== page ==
Pinto beans are also versatile.  I’ll have a bowl of beans.  I’ll make refried beans with leftovers to enjoy with eggs.  Leftovers find their way into chilis, stews, and even spaghetti.  If you have a great recipe that calls for beans, these lowly beans will elevate the the dish to levels that cannot otherwise be attained.

 

Ingredients

1 1/2 pounds dried pinto beans

2 beef short ribs

1 bell pepper

1 stalk celery

1 anaheim chile

1 white onion

1 link andouille sausage

2 strips bacon (finely chopped)

1 tablespoon paprika

1/4 teaspoon ground thyme (I usually use dried thyme leaves, but this is what I had on hand)

1 teaspoon mexican oregano

1/2 teaspoon white pepper

2 teaspoons chimayo blend chile (more on this later)

1/2 teaspoon black pepper

1/2 cup red wine

7 cloves garlic-minced

2 tablespoons beef base

2 teaspoons cumin

1 can Rotel

1 tablespoon vegetable oil

 

Method

Sort and soak beans in water the night before.  Rinse thoroughly before you are ready to cook.

Chop all vegetables and set aside.

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Pre-measuring spices can save some effort later. I have to do this if I’m measuring spices. I never do. I just toss them in as I see fit. That wouldn’t be a very good recipe to share, though.

Measure seasonings. (paprika, thyme, oregano, white pepper, chimayo blend chile, and black pepper.  (I purchased this Chimayo blend chile online from New Mexico.  They are known for their Hatch chiles and I want to do everything possible to make my beans taste great.  I’m merely sharing where I bought my chile powder because I like the product.  If you want to use something better than McCormick, that is one place to look.  By the way, I use many different McCormick products.  They’re great.  When you find something even better, you need to snatch that opportunity.)  Save the cumin until later as cooking it too long can make it bitter.  Add seasonings to a bowl for a later step.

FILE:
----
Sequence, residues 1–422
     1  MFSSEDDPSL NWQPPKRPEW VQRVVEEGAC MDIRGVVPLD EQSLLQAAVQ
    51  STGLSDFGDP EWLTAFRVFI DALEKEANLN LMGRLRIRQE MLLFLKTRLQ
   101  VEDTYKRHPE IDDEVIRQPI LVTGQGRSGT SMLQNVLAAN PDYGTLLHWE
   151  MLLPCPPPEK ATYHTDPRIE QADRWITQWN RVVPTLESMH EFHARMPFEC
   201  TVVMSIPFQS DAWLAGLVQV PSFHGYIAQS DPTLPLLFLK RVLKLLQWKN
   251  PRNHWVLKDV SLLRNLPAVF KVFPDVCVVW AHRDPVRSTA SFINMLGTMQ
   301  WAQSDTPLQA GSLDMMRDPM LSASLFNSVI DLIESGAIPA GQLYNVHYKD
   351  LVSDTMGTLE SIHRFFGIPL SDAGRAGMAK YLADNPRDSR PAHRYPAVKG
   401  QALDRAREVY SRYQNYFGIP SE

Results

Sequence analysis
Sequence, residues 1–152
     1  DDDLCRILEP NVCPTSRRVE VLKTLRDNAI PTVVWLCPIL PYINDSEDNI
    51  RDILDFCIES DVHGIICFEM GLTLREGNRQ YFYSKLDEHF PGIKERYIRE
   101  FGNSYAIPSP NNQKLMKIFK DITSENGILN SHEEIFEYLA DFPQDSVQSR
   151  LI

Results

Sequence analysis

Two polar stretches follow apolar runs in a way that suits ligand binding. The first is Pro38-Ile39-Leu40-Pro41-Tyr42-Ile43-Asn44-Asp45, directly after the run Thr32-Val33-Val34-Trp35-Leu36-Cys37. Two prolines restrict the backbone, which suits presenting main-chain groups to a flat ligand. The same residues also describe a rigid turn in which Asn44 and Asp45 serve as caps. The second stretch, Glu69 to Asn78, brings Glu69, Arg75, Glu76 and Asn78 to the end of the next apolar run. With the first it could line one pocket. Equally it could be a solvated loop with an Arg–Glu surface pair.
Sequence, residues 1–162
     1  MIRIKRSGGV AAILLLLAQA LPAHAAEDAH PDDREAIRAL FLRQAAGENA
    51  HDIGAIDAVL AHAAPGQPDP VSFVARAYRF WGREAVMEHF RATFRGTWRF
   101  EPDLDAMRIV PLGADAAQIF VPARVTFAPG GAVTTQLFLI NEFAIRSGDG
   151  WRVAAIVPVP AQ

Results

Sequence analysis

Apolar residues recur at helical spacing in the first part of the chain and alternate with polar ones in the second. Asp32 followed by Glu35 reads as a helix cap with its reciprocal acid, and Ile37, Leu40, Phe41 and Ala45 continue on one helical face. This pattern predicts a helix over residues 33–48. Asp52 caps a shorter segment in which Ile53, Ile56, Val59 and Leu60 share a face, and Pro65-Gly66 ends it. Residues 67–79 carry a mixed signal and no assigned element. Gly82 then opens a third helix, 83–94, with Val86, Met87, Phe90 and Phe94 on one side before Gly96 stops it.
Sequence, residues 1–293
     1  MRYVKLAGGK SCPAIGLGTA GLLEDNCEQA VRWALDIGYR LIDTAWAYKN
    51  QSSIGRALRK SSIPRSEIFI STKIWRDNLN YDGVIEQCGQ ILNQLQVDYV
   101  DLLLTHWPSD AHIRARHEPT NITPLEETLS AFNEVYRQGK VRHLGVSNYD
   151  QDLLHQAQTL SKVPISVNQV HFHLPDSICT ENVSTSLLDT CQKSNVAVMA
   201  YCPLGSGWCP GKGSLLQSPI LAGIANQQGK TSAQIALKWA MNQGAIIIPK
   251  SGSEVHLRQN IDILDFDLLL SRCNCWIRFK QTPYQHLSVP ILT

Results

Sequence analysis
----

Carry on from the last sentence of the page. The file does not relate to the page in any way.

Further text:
the Maillard reaction is beautiful to behold.
The Maillard reaction is beautiful to behold.

Preheat pot.  I use a cast iron dutch oven for my beans and it has served me well.  Once heated, add a tablespoon of vegetable oil.  Salt and pepper beef short ribs and brown.  Remember the Maillard reaction I described in my jambalaya recipe?  This is important for flavorful beans.  Typically, the meat will initially stick to the bottom of the pan.  After it has formed that crust, or scab, the meat will release.  At that point, you can turn the meat to brown the other sides.  If you are really patient, you can brown the edges with the aid of tongs.

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I love the smell of meat in the morning. Or ever.

Remove the ribs and set aside.  Hopefully, you have prechopped the andouille.  I prefer Manda, but Savoie’s is a good choice.  Cut it lengthwise.  Then cut the two halves lengthwise again.  Now you can dice it up into small triangle-ish pieces.  Add the andouille and finely chopped bacon to brown.

Add vegetables to increase taste factor.

At this point, add chopped vegetables and cook to soften.  Once the vegetables are about halfway done, add the garlic and short ribs.  You don’t want to add the garlic too soon or it could turn bitter.  All vegetables will be ready for the next stage once the onion is translucent.

 

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We are about to have some beautiful bean footage.

Add 1/2 cup red wine (I had some Bordeaux on hand).  I don’t drink, but I often cook with alcohol.  Never use cooking wine.  It is inferior.  I don’t know how to judge wines, but I figure a $10-$15 wine will work nicely).  Deglaze pot with wine and add in beans, spice blend, and Rotel.  Fill pot with water and simmer slowly for about an hour.